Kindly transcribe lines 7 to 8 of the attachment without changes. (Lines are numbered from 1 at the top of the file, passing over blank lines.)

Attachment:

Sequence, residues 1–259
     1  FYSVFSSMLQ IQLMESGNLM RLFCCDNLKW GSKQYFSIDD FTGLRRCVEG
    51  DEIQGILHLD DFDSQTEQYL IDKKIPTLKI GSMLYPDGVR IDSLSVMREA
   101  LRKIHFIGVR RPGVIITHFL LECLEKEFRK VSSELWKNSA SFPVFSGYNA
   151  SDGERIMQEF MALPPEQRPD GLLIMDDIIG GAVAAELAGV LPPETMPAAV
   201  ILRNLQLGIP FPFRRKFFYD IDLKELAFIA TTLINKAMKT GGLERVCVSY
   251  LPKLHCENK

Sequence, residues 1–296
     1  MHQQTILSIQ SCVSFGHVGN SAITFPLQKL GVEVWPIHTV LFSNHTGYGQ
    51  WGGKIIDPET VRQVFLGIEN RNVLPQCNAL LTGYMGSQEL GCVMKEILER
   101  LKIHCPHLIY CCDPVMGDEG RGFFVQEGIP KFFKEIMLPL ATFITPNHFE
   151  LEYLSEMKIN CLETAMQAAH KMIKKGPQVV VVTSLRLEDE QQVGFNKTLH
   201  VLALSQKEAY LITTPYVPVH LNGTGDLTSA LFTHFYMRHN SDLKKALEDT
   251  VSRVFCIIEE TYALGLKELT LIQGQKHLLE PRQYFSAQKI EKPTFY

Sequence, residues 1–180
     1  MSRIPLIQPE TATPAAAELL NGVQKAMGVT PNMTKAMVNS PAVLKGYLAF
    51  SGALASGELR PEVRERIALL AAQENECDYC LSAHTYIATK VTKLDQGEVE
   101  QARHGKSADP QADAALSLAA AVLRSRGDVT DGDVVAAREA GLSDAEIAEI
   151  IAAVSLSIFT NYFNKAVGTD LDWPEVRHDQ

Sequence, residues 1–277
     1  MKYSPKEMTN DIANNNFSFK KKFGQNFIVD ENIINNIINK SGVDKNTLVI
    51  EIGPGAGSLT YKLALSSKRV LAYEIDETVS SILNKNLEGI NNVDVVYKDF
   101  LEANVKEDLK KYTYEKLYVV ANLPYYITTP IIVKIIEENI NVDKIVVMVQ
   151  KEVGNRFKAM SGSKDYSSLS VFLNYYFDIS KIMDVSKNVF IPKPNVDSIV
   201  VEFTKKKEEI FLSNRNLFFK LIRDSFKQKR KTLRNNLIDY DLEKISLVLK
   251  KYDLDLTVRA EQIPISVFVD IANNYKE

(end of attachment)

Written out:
   251  LPKLHCENK

Sequence, residues 1–296